After graduating, Pavlina started his own game company, Dexterity Software. He spent six months programming a shareware puzzle game, Dweep, about a cute little purple guy who rescues his children from mazes of deadly obstacles. Made for basically no cost, Dweep won several awards. Over the next few years, Pavlina constantly revised and expanded the game, turning it into a major casual hit. The final version, Dweep Gold, has 152 levels.
In September 2002, Pavlina started a forum on his site as a gathering place for independent game developers worldwide. He began posting articles about making successful shareware. In "Shareware Amateurs Versus Shareware Professionals" and a dozen companion articles, Pavlina discussed professionalism as a goal, a state of mind and a set of best practices:
- Plan for the long term.
- Do basic market research.
- Stick with one product and refine it incrementally.
- Give unique value.
- Constantly reassess and experiment with your marketing.
- Measure the results of everything you try.
His tone was pragmatic yet upbeat, his approach methodical and success-oriented - precisely the right way to reach would-be designers and programmers. Jaded by frustrating no-win deals with rapacious publishers, many professionals hearkened with glad heart to a prospect of game development where every single element of success was potentially under their control.
Dexterity's success made Pavlina financially independent. His articles and posts, both on the Dexterity forum and on Gamedev.net, began to reflect larger developmental topics. He started talking not just about games, but about avoiding procrastination, developing focus and enlarging scope - about using game development and entrepreneurship as a path to personal growth.
In summer 2004, Pavlina retired from game design and started a blog about personal development. When he closed the Dexterity Games forums, indie designers Steve Verrault, Mike Boeh and Dan MacDonald started the IndieGamer forum. IndieGamer hosted the Dexterity articles for several years; the site still archives old Dexterity forum threads, though they are only accessible through external search engines.
Pavlina still ran his game business in desultory fashion until October 2006, when he finally shuttered the Dexterity site. (Dweep is still available at shareware download sites.) Having completely left the field at last, he has not looked back.
StevePavlina.com is subtitled "Personal Development for Smart People." His approach matches Tony Robbins, Jay Abraham and a long line of ultra-motivated business coaches reaching back to Dale Carnegie and Napoleon Hill.
Pavlina's advice is mostly sensible and unobjectionable. His message of conscious living echoes every self-help guru since Gautama Buddha. He has written many articles about success and purpose:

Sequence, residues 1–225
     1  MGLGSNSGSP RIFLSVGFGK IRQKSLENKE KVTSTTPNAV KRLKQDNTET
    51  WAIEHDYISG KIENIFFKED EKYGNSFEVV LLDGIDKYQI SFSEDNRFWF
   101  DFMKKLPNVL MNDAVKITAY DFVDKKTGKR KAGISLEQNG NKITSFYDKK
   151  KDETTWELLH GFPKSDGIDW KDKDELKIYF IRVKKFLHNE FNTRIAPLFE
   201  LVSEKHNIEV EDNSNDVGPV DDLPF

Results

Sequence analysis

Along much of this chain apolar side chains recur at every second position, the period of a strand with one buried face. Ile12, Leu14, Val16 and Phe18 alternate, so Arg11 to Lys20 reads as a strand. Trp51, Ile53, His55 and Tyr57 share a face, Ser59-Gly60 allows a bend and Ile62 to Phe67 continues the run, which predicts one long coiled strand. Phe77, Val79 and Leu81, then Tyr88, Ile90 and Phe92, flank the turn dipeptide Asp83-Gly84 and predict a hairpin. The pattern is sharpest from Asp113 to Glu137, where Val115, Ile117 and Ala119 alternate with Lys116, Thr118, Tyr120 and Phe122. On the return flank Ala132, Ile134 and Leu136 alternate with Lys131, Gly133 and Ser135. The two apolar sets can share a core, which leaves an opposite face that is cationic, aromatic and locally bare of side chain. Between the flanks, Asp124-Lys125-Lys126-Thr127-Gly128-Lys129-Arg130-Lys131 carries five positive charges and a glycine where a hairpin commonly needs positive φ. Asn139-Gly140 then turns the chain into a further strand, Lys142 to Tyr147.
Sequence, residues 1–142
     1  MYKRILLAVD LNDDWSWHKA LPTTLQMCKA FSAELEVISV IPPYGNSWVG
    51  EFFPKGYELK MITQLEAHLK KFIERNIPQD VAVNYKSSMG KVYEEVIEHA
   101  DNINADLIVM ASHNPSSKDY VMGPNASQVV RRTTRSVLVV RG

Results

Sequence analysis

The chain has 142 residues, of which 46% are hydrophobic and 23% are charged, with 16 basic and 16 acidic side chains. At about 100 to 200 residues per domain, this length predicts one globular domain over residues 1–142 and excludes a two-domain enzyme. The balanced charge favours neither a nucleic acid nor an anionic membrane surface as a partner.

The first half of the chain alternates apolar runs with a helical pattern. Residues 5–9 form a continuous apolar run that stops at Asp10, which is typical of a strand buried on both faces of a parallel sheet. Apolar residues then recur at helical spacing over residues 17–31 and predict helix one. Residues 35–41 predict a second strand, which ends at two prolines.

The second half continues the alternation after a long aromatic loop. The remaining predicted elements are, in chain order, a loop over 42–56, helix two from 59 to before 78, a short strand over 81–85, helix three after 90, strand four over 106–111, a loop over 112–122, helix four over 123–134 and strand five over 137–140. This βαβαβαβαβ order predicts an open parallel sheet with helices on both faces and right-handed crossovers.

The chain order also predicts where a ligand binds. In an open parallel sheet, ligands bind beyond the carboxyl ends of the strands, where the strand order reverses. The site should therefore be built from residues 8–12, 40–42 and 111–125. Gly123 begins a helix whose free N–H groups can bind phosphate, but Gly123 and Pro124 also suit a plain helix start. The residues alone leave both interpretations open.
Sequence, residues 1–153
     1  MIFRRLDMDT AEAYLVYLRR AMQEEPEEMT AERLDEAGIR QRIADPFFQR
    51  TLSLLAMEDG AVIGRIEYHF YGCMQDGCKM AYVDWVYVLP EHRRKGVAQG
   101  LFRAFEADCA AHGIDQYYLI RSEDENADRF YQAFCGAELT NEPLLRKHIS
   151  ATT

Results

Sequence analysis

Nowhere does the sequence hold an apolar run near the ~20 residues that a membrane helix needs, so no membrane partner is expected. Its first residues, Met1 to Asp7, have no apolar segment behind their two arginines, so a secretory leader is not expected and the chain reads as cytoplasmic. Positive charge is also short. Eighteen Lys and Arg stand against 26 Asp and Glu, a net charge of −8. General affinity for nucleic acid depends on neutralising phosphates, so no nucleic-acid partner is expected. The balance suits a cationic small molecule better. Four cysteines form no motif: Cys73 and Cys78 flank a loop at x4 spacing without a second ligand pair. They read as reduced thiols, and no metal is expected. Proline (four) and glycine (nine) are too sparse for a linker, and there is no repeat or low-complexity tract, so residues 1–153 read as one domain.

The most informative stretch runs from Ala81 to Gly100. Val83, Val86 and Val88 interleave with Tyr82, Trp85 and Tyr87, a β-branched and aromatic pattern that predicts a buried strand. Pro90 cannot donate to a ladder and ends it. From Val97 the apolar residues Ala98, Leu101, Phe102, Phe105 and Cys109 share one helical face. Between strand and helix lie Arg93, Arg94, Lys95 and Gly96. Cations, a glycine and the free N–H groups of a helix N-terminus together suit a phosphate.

" And (almost forgot!) "The Meaning of Life"
But the main traffic drivers to Pavlina's blogs are his more mundane self-help articles, such as "How to Become an Early Riser" and "How to Give Up Coffee." (Hey, a purpose-driven life has to start somewhere.) A committed vegan, he has written of his attempts at an all-raw diet, a regimen so austere that, hearing of its rigors, even the most condescending vegetarian may feel, briefly, less smug. Pavlina also drew much attention for his experiment with polyphasic sleep, a regimen of reduced sleep-time based on frequent naps. He sustained his polyphasic schedule (four hours awake, then a 15-minute nap) for over five months. In "The Return to Monophasic," he says he could have maintained it indefinitely, but it was too inconvenient to coordinate with the monophasic world.
Notwithstanding these superhuman feats, it's clear Pavlina is no saint. His least likable articles divide people into "bears" and "eagles." Bears are ordinary people who sleepwalk through life; eagles, no surprise, are those who think like Pavlina. "Bear Bombing" advocates jostling ursine peers out of their hibernation by, well, being a jerk.
Today, Pavlina practices what he calls "a religion of personal growth": "My religion is based on working actively on my personal growth and helping others to do the same." Though he never describes them as such, his beliefs represent a form of Hermetic magick, the practice of self-transformation, empowerment and imposition of the will to reshape external reality. If you don't believe it, check his podcast "The True Nature of Reality" and the article "Cause-Effect Versus Intention-Manifestation." The blog's most overtly magickal exercise to date is the Million-Dollar Experiment, "an attempt to use the power of intention to manifest $1 million for each person who chooses to participate."